The 1st Time Manager

How daunting is it the first time you are appointed to be responsible and accountable for other people's performance? It is quite a mind-shift from only being concerned about your own actions and outputs to a position where you have to start answering for someone else's actions and outputs!

A lot of us crave a more senior role and often this comes with management responsibility, but how often are we given the right tools and environment to learn and succeed as an effective leader? The answer, in many cases, is not very often.

When you are put into a leadership role you are all of a sudden thrust into the spotlight whether you like it or not because you know that before you became a manager you watched your manager's every move and action; dissecting their behaviours to a point where you knew them better than they know themselves! This happens to you when you become a manager.

Everyone will act slightly differently in this spotlight. Some will revel in it while for others it will shed light on some big flaws - were they ready in the first place!? Slowly, we are eking out the scenario where you became the manager simply because you were around long enough or were the subject matter expert; for we know now that these attributes alone do not make good leaders! However, these dinosaurs still exist and in some cases they themselves have evolved but others have grown a very thick scaly skin in the name of self-preservation! Don't become like them!

If you find yourself in a managerial role for the first time, you need to understand what the difference is between a manager and a leader! For me the difference is simple; a leader is someone who has followers - in other words people choose to follow you regardless of your title or position in the org chart. If people only listen to your instruction because you have been assigned as the person who signs off their time sheet and approves their holiday then you need to reassess.

Now that you're comfortable with the idea of what the difference is, you have to start embarking on the art of leadership. You need to start asking yourself what you can do to allow people to easily choose to follow you. One thing I always try and do early on is to get to know each team member as a person, not as a job title. Trust and relationship building are hallmark skills of a great leader. It's not always easy and quick to build but it is worth every bit of investment.

There are plenty of books out there on leadership and I'd recommend reading as many as you can, but I'd also add that becoming a great leader isn't something you can obtain by merely reading books. You need to practice and be brave. We've started seeing and hearing about how leaders need to be vulnerable - what does this mean? It does not necessarily mean being weak, it means being accountable. When things go wrong, you need to be the first one to accept responsibility - the next time one of your team members under performs point it out to them and ask them what you are doing wrong as a leader. Being a leader means you are working for your team (not the other way) and this is the mindset that will allow you to keep evolving. As soon as you start thinking that people work for you, your effectiveness drops like a lead balloon, you'll stop innovating and start blaming your team.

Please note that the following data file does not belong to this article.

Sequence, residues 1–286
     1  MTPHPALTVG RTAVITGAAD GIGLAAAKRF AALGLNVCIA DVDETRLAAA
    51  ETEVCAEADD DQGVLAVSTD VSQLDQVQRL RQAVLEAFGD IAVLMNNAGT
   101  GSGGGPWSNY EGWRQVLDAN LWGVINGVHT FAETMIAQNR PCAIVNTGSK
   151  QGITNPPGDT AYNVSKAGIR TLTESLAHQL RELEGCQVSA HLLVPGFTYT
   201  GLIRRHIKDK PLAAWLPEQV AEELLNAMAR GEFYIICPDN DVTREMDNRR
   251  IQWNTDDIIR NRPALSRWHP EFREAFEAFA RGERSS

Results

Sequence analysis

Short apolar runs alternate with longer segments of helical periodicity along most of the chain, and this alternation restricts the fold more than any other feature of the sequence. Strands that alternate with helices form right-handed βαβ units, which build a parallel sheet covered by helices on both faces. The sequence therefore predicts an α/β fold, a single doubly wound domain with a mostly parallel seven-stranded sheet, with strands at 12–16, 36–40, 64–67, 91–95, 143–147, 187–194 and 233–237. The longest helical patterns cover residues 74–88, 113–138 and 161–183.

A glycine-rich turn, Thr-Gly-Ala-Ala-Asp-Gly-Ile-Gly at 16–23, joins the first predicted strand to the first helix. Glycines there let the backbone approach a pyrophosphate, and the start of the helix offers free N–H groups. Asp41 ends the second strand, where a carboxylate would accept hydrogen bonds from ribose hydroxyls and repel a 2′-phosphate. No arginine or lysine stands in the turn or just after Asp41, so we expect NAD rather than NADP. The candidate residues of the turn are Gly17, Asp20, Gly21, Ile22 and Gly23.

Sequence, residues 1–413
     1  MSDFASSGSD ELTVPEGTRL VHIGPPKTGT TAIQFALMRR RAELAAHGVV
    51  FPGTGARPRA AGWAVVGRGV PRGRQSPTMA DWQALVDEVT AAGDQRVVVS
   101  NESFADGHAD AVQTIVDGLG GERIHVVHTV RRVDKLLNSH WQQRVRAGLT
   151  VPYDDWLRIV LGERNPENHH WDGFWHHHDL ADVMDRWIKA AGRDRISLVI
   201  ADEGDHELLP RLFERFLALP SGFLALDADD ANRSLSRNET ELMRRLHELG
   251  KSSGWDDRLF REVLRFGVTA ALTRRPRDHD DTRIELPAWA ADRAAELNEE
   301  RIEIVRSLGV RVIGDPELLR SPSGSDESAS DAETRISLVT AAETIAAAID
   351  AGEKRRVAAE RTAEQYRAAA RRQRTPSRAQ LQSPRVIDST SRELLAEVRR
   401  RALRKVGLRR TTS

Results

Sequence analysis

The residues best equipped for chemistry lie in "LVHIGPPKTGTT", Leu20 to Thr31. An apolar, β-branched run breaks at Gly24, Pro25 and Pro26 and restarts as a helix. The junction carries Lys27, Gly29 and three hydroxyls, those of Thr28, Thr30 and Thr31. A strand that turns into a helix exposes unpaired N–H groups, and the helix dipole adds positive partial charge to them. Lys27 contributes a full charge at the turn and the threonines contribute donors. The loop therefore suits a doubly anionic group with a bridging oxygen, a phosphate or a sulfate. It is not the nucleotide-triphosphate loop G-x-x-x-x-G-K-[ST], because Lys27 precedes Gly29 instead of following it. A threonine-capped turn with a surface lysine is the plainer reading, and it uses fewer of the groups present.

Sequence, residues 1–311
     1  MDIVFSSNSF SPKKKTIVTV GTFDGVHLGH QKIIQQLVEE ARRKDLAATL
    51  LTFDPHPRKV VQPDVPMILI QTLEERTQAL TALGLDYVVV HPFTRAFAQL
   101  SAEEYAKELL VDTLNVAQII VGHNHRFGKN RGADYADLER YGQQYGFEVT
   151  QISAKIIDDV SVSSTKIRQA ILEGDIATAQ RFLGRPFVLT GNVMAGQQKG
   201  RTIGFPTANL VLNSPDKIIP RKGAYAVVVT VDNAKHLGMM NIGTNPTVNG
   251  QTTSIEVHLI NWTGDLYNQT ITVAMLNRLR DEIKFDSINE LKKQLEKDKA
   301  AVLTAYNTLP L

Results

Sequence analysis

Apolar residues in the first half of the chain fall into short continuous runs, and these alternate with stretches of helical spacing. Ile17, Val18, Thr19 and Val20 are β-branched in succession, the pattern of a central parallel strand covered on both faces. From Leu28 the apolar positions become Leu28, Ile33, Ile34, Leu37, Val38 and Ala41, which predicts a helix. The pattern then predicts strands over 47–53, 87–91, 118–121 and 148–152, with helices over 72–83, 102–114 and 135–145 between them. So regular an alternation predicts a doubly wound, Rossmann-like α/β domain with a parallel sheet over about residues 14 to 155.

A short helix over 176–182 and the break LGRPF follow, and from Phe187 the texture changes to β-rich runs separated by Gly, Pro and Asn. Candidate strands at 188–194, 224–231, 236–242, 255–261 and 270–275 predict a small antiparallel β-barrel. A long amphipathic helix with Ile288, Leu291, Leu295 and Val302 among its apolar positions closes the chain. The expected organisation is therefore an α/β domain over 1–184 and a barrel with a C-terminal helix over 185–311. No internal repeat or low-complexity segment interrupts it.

You need to continually ask yourself the same few questions over and over. Are you creating a safe environment for your team to harness their full potential? Are you creating a space where it's safe to fail and where everyone feels free to challenge without recourse? If not, seek ways in which you can start building or improving the situation towards this nirvana.

The thing to remember is that you will never stop learning as a leader. You will and have to keep evolving! Why? Because people change - they are not robots and they have different moods, stresses and anxieties. Actively being involved with your teams' emotional state is part of your leadership role, you need to accept that. If you don't want to deal with difficult situations then don't accept a leadership role in the first place because you will be doing more harm to yourself and those around you than any good.

When you get into a leadership role your job is to make other people's lives easier not harder! This does not mean that you shouldn't challenge them, but the challenge needs to be with the intent of contributing to their growth - not yours - and their growth needs to be aligned with the team and organisational goals.

Management is easy anyone can do it. Leadership is hard, it takes work and even once you think you've made it you can't take the privilege for granted. Oh and if you want my really simple rule for being a good leader...don't be a dick.

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